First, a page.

Europe: could “Super League” proposals be a danger to football?
There was a report in the British press earlier this week in which the UK prime minister David Cameron is said to have expressed his desire for the Glasgow “Old Firm” of Celtic Football Club and Rangers Football Club to join the English Premier League (EPL). One may question Cameron’s political motives behind the proposal as he seeks to influence the vote north of the border in the oncoming referendum on Scottish independence to be held in September 2014 but the idea is far from new. In the Former Soviet Union (FSU), momentum has also gathered pace as a number of owners from top clubs in Russia and Ukraine seek to form a breakaway championship run along the same lines as the Kontinental Hockey League (KHL) which has been a major success since its inception in 2008. In the United States three Canadian clubs feature alongside their American counterparts showing that cross-border championships do happen in soccer as well as in other sports such as ice hockey, basketball and baseball. If the ideas proposed in the UK and the Former Soviet Union are eventually given the green light in the future will the leagues be as super as they look on paper or will it destroy the essence of the game?
As the Scottish Premier League has diminished in strength over the last 25 years it was always going to result in calls for the big two of the Scottish game to apply to join the English league system. Since Aberdeen FC, under the management of Alex Ferguson, became the last team from outside the Old Firm to win the Scottish championship in the 1984-85 season, Rangers and Celtic have completely dominated the league to the point where any potential third force capable of breaking the duopoly seems almost impossible. But where would the Old Firm begin any potential English journey? Some have suggested that they should begin the Conference league (fifth tier), some say in the Championship (second tier) whilst some call for the Old Firm to join the Premier League at the first opportunity in order to increase what is already a substantial TV contract. Were the two Glasgow giants to join the EPL any time soon they see themselves playing against the likes of traditional major English clubs such as Liverpool, Manchester United, Arsenal and Chelsea, to name but four, as well as the possibility of facing the two biggest Welsh clubs of Swansea City, who are already in the EPL, and Cardiff City, who look very likely to join them next season, in order to create a truly British super league.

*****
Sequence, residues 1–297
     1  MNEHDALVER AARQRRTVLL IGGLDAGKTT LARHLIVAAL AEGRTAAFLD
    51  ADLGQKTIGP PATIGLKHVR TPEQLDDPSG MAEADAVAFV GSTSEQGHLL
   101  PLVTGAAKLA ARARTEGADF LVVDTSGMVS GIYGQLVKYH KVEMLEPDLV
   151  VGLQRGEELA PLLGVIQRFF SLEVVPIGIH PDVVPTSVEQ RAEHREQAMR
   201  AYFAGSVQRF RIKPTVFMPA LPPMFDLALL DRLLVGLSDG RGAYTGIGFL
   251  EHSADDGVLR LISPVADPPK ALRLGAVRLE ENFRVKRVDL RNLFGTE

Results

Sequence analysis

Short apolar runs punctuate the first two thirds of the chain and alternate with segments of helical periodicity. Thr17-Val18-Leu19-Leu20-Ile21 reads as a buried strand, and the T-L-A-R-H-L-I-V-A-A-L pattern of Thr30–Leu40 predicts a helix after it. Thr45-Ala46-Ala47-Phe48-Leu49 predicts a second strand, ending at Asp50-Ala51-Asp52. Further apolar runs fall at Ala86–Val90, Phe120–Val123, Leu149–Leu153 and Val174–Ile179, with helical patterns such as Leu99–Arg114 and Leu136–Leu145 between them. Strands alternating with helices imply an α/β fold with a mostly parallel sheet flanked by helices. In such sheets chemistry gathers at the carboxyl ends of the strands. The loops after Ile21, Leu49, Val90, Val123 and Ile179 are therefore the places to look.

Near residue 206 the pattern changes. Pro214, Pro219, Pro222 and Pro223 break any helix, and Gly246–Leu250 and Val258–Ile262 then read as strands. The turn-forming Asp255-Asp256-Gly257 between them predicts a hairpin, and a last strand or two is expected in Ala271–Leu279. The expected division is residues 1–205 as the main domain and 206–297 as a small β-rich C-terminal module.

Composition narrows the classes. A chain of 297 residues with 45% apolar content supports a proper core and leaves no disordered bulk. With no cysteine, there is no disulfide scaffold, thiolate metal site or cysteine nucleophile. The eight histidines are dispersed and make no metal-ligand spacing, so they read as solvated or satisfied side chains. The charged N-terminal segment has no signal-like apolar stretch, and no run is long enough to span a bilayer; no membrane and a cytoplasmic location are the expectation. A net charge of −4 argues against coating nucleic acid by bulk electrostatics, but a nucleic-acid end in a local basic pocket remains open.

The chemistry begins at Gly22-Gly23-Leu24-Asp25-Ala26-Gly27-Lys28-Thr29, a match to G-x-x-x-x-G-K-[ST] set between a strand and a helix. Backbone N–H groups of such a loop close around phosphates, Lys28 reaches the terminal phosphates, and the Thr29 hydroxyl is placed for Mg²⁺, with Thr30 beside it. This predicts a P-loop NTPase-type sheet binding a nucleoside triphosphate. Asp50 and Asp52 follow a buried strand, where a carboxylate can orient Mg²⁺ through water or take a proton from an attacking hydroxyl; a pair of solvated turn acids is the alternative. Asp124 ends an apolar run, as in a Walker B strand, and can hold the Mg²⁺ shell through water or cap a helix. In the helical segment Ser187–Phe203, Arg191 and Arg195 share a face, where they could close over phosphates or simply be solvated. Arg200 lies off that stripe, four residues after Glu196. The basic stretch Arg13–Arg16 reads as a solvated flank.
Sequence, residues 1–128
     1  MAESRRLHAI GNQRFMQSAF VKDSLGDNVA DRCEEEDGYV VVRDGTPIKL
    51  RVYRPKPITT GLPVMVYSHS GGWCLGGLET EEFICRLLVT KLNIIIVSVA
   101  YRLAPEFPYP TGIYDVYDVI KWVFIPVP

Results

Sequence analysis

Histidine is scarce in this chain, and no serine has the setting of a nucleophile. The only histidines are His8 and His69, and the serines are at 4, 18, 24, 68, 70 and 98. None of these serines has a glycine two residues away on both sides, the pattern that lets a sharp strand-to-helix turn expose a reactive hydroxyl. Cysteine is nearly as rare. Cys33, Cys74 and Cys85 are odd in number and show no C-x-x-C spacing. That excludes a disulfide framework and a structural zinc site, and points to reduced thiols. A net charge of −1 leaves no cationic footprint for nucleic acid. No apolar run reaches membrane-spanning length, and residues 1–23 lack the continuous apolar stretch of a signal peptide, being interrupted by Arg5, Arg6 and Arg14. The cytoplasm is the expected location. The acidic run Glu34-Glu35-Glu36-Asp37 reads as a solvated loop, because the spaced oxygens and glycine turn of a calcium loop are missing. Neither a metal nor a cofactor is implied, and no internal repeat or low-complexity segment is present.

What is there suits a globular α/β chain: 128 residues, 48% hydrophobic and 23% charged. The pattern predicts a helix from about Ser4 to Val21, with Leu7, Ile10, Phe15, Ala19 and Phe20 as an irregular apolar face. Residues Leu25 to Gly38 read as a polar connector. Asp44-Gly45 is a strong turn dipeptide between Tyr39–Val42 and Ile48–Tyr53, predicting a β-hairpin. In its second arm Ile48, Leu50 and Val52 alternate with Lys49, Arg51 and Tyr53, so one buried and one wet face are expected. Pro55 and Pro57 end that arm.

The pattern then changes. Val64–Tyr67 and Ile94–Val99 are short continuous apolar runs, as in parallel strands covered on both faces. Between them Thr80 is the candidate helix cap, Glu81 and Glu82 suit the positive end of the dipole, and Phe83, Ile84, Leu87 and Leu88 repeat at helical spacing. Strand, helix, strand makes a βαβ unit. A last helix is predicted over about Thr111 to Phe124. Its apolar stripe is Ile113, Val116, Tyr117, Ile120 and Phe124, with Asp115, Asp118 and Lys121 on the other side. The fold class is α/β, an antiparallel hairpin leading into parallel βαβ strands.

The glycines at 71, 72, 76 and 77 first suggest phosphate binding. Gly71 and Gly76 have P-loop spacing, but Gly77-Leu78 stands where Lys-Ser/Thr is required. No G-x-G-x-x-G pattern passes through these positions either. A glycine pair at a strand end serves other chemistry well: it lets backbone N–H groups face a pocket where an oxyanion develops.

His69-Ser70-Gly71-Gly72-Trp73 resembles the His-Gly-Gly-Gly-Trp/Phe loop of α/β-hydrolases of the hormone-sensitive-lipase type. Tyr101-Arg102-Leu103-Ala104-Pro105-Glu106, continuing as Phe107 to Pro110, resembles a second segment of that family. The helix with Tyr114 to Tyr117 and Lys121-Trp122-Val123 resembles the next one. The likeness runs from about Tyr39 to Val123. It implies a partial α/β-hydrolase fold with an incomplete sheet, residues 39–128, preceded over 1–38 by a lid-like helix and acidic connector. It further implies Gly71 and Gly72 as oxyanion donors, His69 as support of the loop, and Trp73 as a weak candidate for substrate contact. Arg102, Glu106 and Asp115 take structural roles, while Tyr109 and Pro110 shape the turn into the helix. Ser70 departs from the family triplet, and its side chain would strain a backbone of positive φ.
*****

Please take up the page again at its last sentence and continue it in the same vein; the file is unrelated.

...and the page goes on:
This proposal, although attractive to many, would also see any number of clubs voting themselves out of a certain league in order to accommodate the Old Firm. Therefore the situation would be unlikely as it would be like turkeys voting for Christmas but it seems unlikely that the issue will go away. The alternative for the Old Firm would be to create what has been termed the “Atlantic League” along with the biggest clubs from the likes of Portugal, Netherlands, Belgium and Scandinavia in order to create more meaningful and lucrative opposition. The biggest clubs from those countries, for example FC Porto, Ajax Amsterdam and RSC Anderlecht, continue to dominate leagues in which competition over the years has weakened due to the increasing financial and sporting might of the big leagues. An Atlantic League would, therefore, allow stronger competition outside of officially sanctioned UEFA tournaments such as the Champions League and Europa League.